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Open access benefits researchers, institutions, nations and society as a whole. There are significant economic, social and educational benefits to making research outputs available without financial, legal and technical barriers to access.
Universities and research funding agencies have been implementing open access policies since 2004.
Institutional open access policy may be voluntary (e.g. requesting that researchers make their work open access in the institutional repository) or mandatory (e.g. requiring that researchers make their work open access in the institutional repository). Although voluntary policies were initially popular, new institutional policies are now usually mandatory. Mandatory policies do result in a high level of self-archiving which in turn provides a university with the increased visibility and impact that open access promises.
Watch videos in which EIFL-OA partner countries share their advocacy efforts.
Open access policies (mandates) ensure that research funded by institutions is made freely available. Such policies have been adopted by 38 institutions in the EIFL network. Learn more.
Open access policy initiatives have also been discussed and implemented on the national level in Lithuania, Poland, Slovenia, South Africa and China (Hong Kong). See more information.
Since December 1, 2009, EIFL has participated in the OpenAIRE project (Open Access Infrastructure for Research in Europe) along with 37 other partners covering almost all 27 European Union member states and one associated state (Norway). This EC-funded 3-year project launched an e-infrastructure and created a network of experts to support the researchers towards meeting the demands of the EC-OA policies. It also liases with other OA activities in Europe to achieve widespread adoption of OA policies. EIFL coordinates activities in 10 Eastern European countries: Bulgaria, Czech Republic, Estonia, Hungary, Latvia, Lithuania, Poland, Romania, Slovakia and Slovenia.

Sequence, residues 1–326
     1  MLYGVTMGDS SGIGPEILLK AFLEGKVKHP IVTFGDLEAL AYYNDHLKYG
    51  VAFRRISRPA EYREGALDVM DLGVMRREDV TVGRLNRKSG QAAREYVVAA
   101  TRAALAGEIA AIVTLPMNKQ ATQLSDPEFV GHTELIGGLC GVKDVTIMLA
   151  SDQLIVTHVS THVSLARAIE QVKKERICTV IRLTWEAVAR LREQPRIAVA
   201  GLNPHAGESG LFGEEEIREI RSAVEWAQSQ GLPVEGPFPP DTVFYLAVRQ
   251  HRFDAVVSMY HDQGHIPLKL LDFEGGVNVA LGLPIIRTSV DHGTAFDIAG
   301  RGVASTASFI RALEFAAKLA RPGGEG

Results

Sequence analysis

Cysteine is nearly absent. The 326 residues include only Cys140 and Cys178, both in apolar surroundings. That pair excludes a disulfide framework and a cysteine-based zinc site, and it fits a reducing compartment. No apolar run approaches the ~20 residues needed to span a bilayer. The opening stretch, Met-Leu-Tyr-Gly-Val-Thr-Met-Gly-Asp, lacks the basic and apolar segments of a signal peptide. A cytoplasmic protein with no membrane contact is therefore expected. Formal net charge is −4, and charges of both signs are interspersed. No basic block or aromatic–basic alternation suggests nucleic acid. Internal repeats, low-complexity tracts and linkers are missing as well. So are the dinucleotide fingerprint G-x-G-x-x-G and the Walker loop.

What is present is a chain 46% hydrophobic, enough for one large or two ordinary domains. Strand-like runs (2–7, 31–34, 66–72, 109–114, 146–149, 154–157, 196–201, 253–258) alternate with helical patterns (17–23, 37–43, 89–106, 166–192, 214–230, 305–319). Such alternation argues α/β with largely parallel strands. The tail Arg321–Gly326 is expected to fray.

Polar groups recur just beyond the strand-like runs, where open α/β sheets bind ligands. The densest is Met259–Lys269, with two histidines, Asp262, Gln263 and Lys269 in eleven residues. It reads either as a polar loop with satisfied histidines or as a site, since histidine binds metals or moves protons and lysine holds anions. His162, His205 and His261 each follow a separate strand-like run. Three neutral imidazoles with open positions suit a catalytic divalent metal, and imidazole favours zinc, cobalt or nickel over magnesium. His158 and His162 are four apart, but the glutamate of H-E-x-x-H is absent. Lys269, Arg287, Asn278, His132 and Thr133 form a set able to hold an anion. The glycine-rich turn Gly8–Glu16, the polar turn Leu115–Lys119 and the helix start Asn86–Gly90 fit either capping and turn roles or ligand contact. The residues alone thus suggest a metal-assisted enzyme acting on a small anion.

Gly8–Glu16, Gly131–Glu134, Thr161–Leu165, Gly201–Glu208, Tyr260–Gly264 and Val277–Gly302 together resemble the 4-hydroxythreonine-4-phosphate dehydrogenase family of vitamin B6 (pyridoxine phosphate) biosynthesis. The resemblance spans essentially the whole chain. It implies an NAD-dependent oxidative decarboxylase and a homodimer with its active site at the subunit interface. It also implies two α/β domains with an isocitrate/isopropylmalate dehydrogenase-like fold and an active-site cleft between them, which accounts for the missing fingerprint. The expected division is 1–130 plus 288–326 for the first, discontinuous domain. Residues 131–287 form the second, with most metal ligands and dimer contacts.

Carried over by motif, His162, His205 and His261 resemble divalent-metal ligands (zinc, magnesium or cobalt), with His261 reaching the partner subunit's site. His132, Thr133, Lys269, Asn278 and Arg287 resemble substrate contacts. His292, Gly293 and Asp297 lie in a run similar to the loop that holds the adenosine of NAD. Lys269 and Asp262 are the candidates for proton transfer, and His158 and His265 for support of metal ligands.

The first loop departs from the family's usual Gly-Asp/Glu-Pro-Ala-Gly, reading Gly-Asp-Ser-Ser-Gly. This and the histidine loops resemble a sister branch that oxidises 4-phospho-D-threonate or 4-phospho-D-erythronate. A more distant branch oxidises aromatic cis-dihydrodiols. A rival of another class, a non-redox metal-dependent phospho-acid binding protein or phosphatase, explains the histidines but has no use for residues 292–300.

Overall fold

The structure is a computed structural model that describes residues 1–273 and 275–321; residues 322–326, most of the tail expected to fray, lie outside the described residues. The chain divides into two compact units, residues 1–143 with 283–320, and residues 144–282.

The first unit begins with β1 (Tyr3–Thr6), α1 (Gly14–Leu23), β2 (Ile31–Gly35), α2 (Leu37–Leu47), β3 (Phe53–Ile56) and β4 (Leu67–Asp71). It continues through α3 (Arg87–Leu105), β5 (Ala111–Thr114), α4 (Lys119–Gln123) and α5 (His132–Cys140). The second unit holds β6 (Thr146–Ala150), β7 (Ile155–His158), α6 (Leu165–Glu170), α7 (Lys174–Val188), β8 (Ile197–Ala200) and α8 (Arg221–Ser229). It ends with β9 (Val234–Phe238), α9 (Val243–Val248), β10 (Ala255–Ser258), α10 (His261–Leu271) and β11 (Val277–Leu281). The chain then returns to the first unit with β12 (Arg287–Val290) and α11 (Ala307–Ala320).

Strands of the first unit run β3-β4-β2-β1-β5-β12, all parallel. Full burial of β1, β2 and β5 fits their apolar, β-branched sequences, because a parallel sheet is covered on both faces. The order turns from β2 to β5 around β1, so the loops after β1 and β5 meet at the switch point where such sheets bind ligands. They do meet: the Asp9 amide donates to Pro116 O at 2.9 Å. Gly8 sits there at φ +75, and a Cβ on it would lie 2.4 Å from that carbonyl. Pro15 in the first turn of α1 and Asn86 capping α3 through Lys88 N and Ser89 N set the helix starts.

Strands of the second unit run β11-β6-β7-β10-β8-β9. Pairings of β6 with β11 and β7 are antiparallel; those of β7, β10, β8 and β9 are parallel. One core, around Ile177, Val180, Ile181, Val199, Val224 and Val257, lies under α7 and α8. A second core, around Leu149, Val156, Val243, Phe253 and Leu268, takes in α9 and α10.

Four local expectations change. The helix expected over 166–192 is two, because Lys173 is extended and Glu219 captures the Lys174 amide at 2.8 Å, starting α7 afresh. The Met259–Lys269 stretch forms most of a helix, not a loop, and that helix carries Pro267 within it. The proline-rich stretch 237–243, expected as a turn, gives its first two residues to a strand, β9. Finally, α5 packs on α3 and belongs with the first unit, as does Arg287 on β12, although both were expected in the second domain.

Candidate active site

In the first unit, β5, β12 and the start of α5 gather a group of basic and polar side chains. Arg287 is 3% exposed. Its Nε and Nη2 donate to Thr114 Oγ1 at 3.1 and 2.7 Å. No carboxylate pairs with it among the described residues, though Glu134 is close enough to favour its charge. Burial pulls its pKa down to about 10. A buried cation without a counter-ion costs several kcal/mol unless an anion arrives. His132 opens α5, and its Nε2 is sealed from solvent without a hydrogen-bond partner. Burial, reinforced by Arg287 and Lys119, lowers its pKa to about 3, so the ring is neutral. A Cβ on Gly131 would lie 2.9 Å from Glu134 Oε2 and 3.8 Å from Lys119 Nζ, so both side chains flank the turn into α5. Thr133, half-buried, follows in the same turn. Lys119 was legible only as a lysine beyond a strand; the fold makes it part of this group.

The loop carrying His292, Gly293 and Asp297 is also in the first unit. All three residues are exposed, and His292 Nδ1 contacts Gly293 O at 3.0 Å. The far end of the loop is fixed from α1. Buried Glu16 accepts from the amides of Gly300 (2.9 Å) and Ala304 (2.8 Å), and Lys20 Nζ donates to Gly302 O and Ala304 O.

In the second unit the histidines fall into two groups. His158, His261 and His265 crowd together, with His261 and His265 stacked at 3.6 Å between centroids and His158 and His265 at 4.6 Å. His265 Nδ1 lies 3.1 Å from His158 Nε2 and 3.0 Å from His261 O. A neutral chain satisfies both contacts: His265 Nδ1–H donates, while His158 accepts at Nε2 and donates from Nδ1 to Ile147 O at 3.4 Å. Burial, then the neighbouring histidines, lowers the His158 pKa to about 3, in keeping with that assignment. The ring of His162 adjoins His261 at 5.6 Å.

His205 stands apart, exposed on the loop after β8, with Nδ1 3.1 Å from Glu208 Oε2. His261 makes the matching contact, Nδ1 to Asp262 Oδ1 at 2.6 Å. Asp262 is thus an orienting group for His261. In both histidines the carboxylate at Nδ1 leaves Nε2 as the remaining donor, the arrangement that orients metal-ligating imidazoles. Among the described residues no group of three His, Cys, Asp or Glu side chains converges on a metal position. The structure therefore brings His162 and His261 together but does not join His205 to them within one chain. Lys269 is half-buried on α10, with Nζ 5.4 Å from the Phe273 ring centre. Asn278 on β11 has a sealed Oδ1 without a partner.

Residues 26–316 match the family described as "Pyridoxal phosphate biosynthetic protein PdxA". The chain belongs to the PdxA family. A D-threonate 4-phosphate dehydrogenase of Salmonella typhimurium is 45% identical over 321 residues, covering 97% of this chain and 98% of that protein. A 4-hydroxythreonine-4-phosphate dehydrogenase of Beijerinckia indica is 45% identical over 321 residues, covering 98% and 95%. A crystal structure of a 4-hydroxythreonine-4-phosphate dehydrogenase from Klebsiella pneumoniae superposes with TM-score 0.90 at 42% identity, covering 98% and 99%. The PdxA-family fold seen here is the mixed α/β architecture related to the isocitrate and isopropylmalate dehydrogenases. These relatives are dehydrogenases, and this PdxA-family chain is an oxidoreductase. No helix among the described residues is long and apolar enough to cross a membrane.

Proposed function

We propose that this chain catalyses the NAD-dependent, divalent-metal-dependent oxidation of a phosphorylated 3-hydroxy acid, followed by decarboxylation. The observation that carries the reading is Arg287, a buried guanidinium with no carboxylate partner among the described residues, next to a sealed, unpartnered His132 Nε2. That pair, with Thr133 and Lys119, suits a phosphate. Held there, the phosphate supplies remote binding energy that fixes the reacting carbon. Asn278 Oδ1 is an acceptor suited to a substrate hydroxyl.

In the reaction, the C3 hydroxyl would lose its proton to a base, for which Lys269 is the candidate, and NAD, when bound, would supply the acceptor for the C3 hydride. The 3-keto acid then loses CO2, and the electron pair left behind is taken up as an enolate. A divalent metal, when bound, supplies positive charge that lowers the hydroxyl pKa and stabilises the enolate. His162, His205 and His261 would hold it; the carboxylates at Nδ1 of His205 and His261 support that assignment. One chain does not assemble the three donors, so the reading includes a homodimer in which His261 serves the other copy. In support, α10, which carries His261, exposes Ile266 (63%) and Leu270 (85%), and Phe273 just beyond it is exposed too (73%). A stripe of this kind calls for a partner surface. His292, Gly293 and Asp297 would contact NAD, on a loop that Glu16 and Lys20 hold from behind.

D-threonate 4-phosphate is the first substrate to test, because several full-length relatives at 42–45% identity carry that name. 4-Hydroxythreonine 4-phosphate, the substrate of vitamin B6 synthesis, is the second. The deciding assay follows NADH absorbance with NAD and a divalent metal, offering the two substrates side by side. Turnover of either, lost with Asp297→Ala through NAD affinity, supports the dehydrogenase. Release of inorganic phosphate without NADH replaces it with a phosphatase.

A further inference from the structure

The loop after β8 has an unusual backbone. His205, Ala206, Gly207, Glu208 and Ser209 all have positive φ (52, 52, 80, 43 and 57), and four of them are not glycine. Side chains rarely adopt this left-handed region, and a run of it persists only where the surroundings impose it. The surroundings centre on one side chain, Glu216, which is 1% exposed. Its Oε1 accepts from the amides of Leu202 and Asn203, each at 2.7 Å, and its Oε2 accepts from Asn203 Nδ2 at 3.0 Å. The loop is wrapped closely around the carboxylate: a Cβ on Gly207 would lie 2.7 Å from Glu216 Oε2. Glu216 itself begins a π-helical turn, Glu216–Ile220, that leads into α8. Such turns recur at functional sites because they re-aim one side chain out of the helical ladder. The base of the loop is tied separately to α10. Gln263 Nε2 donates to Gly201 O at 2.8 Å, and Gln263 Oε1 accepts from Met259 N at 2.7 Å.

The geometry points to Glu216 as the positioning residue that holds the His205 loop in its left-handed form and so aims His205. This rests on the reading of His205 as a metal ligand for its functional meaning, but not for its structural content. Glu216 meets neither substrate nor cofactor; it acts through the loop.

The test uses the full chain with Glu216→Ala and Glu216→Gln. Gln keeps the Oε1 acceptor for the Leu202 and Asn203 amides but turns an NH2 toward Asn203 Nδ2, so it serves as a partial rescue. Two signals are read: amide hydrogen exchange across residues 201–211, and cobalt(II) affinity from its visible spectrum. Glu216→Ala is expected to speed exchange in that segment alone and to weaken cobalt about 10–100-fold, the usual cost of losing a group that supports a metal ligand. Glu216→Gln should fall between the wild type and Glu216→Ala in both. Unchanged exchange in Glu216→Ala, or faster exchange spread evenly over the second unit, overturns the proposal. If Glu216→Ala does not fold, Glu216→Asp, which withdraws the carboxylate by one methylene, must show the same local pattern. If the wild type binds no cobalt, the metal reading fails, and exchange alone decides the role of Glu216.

Since December 1, 2011, EIFL has participated in the OpenAIREplus project (2nd Generation of Open Access Infrastructure for Research in Europe) along with 41 other partners covering 31 European countries. The 30 month project, funded by the EC 7th Framework Programme, will work in tandem with OpenAIRE, extending the mission further to facilitate access to the entire Open Access scientific production of the European Research Area, providing cross-links from publications to data and funding schemes.EIFL is responsible for interaction with National Open Access Desks (NOADs) and oversees and guides NOADs in 11 Eastern European countries: Bulgaria, Croatia, Czech Republic, Estonia, Hungary, Latvia, Lithuania, Poland, Romania, Slovakia and Slovenia.
Over 30 EIFL partner countries organised events during International Open Access Week 2011. Open Access Week 2012 will take place all over the world between October 22 and 28. Tthis year's theme is "Set the Default to Open Access". Open Access Week is an opportunity for the academic and research community to learn about the potential benefits of open access, to share ideas with colleagues, and to inspire wider participation in establishing open access as a norm in scholarship and research.
If you are from an EIFL partner country and are interested in open access advocacy activities, please contact the EIFL Open Access programme manager Iryna Kuchma, iryna.kuchma[at]eifl.net.
EIFL-OA case studies describing the results and lessons learnt of 13 projects supported in 2011 that implemented national and institutional open access advocacy campaigns to reach out to research communities and open access publishing initiatives.
You can see EIFL-OA advocacy events and seminars on the EIFL-OA Training page.
If you are looking for examples of successful open access advocacy campaigns, see the following websites:
If you are interested in introducing open access policy in your institution see Peter Suber’s Open access policy options for funding agencies and universities and Policy Guidelines for the Development and Promotion of Open Access, written by Dr. Alma Swan.